With Thanksgiving next week and the rest of the holidays right around the corner, we thought it was fitting that you have some books to read about dysfunctional families. Check out these wonderfully tragic tales–both fiction and non-fiction–that might make your family look a whole lot better.
This is Where I Leave You by Jonathan Tropper
The best-selling novel which was recently turned into a movie follows the Foxman family as they gather under the same roof for the first time in years after the death of their father. Lead character Judd Foxman is not only grieving from his father’s death, but also from his wife’s affair with his boss. The expresses what it’s like when adult siblings get together after being apart for so long: utter madness. A truly touching and funny novel, Tropper’s book should definitely be on your holiday reading list.
Very appropriate for the upcoming holiday, The Ice Storm takes place over Thanksgiving weekend in 1973 when two families are unexpectedly pushed together due to dangerous weather. It’s the peak of the sexual revolution, and the Williams and Hood families are dealing with social and political issues in their suburban Connecticut neighborhood. The story is told from four family members’ perspectives, while surrounded with issues like adultery, alcoholism, and drug use in the 70s. It’s definitely a “different” but fascinating look at dysfunctional families.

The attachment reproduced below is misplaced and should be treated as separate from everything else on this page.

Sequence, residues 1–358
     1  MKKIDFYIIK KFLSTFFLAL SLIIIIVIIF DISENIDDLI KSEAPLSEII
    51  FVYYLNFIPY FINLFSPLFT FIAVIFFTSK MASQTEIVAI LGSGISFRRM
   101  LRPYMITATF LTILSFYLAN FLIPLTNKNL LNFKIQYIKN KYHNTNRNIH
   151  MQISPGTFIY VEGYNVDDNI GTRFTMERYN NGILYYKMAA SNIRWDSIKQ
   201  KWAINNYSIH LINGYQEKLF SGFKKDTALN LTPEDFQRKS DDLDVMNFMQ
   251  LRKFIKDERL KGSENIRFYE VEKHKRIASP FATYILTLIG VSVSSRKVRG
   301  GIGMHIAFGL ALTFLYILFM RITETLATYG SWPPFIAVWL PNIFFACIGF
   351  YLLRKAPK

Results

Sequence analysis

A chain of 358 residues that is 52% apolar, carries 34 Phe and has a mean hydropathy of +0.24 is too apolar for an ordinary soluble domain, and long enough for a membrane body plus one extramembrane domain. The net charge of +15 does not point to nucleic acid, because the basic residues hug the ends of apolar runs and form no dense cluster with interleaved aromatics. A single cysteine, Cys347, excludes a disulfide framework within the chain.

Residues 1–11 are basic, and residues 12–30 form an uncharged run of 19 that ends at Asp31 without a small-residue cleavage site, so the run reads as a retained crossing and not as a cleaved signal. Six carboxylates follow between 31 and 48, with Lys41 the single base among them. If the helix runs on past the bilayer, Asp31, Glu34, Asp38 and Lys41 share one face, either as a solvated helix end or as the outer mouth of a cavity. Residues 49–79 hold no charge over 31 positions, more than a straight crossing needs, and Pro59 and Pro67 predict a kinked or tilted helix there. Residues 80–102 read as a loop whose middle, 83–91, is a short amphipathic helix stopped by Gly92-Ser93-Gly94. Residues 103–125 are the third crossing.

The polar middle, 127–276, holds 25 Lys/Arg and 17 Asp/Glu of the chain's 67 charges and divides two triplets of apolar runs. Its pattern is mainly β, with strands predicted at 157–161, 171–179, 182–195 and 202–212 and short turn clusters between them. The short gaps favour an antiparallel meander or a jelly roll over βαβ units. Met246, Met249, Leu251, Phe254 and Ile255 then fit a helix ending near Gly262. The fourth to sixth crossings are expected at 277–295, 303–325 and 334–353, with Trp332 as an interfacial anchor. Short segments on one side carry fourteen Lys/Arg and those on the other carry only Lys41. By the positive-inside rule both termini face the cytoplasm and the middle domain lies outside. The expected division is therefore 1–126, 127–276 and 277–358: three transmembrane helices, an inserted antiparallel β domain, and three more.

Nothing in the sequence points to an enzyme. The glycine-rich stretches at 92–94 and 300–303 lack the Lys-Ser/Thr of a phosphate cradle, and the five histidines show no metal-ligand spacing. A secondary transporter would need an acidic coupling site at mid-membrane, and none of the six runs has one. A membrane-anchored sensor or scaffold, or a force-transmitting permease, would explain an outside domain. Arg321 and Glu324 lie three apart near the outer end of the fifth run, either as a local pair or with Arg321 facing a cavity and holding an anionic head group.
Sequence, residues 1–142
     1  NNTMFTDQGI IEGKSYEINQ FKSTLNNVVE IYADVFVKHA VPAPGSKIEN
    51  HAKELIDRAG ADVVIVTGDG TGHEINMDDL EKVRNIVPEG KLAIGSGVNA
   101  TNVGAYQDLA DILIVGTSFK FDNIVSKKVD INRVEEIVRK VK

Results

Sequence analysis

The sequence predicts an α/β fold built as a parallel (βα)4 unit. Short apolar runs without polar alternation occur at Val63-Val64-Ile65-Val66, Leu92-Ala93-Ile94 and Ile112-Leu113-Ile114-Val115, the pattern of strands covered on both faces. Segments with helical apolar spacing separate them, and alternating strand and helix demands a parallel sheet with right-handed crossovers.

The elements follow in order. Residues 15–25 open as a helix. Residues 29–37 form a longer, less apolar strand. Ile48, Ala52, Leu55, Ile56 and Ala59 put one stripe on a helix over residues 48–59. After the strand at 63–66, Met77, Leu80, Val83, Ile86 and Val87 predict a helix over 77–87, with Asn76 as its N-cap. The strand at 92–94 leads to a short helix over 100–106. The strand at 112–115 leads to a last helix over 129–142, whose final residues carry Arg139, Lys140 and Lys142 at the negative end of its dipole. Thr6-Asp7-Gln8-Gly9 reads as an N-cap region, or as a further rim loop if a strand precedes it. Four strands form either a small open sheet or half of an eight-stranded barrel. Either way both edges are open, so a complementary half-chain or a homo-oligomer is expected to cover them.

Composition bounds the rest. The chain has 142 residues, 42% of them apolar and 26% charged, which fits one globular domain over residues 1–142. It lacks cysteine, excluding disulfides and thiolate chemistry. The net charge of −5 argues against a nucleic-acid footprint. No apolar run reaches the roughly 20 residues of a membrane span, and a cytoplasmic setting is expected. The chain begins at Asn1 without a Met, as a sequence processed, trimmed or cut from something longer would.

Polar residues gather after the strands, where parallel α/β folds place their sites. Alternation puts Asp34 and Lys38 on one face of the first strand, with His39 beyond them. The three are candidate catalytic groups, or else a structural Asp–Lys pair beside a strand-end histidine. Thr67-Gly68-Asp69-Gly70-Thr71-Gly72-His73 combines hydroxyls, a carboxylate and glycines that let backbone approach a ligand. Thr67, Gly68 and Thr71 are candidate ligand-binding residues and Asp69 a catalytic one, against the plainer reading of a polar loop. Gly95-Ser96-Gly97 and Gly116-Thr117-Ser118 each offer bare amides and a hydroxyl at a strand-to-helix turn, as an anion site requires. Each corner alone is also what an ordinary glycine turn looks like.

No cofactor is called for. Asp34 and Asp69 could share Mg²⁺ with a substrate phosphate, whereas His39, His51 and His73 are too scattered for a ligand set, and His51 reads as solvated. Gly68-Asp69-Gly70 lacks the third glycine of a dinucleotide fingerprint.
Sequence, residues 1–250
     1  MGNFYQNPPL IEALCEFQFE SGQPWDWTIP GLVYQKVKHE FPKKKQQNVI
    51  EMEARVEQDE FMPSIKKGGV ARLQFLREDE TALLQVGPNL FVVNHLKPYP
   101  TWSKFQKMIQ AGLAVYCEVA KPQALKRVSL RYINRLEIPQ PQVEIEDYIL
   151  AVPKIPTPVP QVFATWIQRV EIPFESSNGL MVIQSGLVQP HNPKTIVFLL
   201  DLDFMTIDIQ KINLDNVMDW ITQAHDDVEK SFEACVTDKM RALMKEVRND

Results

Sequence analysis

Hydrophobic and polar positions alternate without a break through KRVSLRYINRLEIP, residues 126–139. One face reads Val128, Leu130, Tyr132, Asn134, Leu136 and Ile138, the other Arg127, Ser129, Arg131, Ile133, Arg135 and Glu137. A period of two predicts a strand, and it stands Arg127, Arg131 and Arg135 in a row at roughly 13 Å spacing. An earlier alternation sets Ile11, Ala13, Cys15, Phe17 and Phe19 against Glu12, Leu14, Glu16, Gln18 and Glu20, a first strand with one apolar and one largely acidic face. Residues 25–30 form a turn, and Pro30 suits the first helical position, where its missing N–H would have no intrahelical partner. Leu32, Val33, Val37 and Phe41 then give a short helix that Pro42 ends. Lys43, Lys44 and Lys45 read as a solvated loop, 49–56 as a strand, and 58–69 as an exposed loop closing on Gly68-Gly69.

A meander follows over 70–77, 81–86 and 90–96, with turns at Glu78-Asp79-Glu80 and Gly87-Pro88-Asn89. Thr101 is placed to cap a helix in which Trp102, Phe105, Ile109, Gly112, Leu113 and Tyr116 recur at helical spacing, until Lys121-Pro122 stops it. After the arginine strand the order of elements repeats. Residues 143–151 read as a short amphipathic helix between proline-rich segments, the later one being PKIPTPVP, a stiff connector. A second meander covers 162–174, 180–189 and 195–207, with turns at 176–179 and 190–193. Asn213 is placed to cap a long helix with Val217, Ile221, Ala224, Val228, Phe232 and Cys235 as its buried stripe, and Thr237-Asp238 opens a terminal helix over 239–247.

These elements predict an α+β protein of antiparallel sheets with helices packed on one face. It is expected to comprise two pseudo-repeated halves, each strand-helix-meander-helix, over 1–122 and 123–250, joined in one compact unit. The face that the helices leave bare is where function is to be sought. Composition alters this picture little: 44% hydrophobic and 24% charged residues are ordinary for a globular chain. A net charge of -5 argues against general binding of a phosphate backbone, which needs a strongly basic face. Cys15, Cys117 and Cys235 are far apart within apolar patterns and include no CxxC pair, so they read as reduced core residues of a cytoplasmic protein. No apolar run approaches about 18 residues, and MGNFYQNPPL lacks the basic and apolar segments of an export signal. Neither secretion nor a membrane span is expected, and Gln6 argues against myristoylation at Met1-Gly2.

A collection of David Sedaris’ essays, Dress Your Family in Corduroy and Denim explores some of the humorous and “absurd” things that society participates in. He discusses our hidden motives and shameful desires—all while bringing in a real perspective from interactions with his boyfriend and family. Many novels about dysfunctional families tell a story of a meet-up or event in their lives. Sedaris really nails many truths about society and gives readers a real look at the struggles families face everyday.
This look at family dynamics comes together in the late-1990s when the Lambert family meets for Christmas to confront their father’s ailing state as he suffers from Parkinson’s disease. The book follows the Midwestern family as the three grown children have fled for the east coast, but managed to make messes out of their own lives. This book is relatable due to its familiar tone of children wanting to escape their parent’s home and make a life for themselves.
Shipstead’s debut novel follows the Van Meter’s, a WASP-y New England family, as they prepare for the marriage of their very pregnant daughter to an appropriate suitor. However, the father of the bride Winn Van Meter is not having a good time, and after being shunned from his country club and feeling like a stranger in his own house, he reflects on this. An interesting read that pokes fun at preppy lovers of colorful shorts, it gives readers an interesting take on “forced reunions”.
A truly dysfunctional family—considering all the characters are not related, but yet live in the same household—Running with Scissors is a memoir that follows Augusten from age 12, through his parent’s divorce, and his eventual need to live with his mother’s psychiatrist. This is a very intense novel, and Augusten deals with numerous adult situations. Although considered a bizarre memoir—it really represents the ultimate family dysfunction.
Winter Street will get you in the mood for some Christmas drama. Kelley Quinn is a father of four and owner of the Winter Street Inn located in Nantucket. Although he is looking forward to spending the holidays with his family, they might have another idea when he walks in on his second wife Mitzi kissing “Santa Claus” (anyone feeling a song coming on?). From there the usual family drama unfolds—but it’s a touching novel about being home for the holidays.